Frequently Asked Questions


  • What is anaesthesia?

    When you undergo a medical procedure, whether it be major or minor, it is important that you experience as little pain and discomfort as possible. Anaesthesia is used to ensure a patient does not experience any pain or sensation during a procedure. This is achieved by administering different medications that keep you asleep or relaxed. More information about specific types of anaesthesia can be found below.

  • What are the different types of anaesthesia?
    The type of anaesthesia used will depend on a number of factors including:
    • The nature and duration of the procedure
    • Your general medical condition
    • Your care preferences
    • The care recommendations of your anaesthetist and surgeon or other doctor performing the procedure
    General Anaesthesia

    You are put into a state of carefully controlled unconsciousness for the duration of the operation. You have no awareness or sensation, and no memory of the surgery. For the duration of the surgery, the anaesthetist monitors your condition closely and constantly adjusts the level of anaesthesia.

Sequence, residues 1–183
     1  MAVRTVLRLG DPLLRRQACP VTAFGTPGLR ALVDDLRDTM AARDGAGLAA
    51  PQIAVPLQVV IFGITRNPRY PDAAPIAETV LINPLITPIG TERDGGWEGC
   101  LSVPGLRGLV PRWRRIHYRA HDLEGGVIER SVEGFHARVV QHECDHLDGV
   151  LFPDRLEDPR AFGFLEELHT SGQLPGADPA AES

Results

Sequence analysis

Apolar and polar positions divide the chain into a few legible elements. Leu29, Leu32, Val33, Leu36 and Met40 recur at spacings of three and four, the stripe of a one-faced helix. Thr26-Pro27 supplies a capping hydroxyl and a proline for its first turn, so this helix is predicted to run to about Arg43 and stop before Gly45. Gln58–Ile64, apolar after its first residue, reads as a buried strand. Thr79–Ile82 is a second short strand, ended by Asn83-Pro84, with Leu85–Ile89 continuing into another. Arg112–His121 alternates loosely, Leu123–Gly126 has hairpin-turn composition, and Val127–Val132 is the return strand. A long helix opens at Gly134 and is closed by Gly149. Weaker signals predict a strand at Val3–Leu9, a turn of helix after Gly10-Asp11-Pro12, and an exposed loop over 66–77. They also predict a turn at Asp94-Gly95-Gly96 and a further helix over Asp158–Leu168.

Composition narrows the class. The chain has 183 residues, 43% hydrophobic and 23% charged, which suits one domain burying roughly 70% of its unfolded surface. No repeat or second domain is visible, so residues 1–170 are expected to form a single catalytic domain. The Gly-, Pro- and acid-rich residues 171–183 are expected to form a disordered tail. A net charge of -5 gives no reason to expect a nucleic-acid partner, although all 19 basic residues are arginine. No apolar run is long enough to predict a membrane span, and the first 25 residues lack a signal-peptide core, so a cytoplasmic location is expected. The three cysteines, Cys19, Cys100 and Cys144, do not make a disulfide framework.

The anaesthetist administers drugs to make you feel relaxed, drowsy and comfortable during certain procedures. This is sometimes called ‘twilight sleep’ or ‘intravenous sedation’. In addition to providing pain relief, sedation can provide relief from anxiety. Some forms of sedation use many of the same drugs as general anaesthesia, but in lesser quantities.

    Regional Anaesthesia

    A nerve block numbs the part of the body where the surgeon operates, and this avoids the need for general anaesthesia. During regional anaesthesia you may be awake or sedated. Examples of regional anaesthesia include epidurals for labour, spinal anaesthesia for caesarean section, ‘eye blocks’ for cataracts and peripheral nerve blocks that make a limb or part of a limb numb.

    Local Anaesthesia

    A targeted area of the body is injected with local anaesthetic drugs so that surgery can be performed on the numb area while you are awake. Light sedation is sometimes combined with local anaesthetic.

  • What does an anaesthetist do?

    While your surgeon focuses on the area of your body that they are operating on, your anaesthetist is making sure the rest of you is looked after by monitoring your wellbeing throughout the surgery. They will be with you from the commencement of your procedure, monitoring and caring for you, until you begin to wake up from your anaesthetic. They keep your heart beating, your lungs working, and make sure you are as comfortable as possible as you regain awareness following surgery.